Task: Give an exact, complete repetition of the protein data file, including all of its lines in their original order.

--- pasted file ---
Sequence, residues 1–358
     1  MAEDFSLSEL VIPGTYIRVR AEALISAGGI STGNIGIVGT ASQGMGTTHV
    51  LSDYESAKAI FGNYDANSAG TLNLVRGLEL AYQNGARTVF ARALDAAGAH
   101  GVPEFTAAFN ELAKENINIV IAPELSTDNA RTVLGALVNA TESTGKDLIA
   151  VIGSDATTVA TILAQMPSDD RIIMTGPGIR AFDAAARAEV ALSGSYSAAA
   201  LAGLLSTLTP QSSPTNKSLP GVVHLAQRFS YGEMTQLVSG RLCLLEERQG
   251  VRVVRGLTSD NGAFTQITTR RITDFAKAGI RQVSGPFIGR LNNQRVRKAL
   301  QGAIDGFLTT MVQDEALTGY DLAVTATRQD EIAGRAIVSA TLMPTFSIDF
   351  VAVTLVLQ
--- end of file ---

Sequence, residues 1–358
     1  MAEDFSLSEL VIPGTYIRVR AEALISAGGI STGNIGIVGT ASQGMGTTHV
    51  LSDYESAKAI FGNYDANSAG TLNLVRGLEL AYQNGARTVF ARALDAAGAH
   101  GVPEFTAAFN ELAKENINIV IAPELSTDNA RTVLGALVNA TESTGKDLIA
   151  VIGSDATTVA TILAQMPSDD RIIMTGPGIR AFDAAARAEV ALSGSYSAAA
   201  LAGLLSTLTP QSSPTNKSLP GVVHLAQRFS YGEMTQLVSG RLCLLEERQG
   251  VRVVRGLTSD NGAFTQITTR RITDFAKAGI RQVSGPFIGR LNNQRVRKAL
   301  QGAIDGFLTT MVQDEALTGY DLAVTATRQD EIAGRAIVSA TLMPTFSIDF
   351  VAVTLVLQ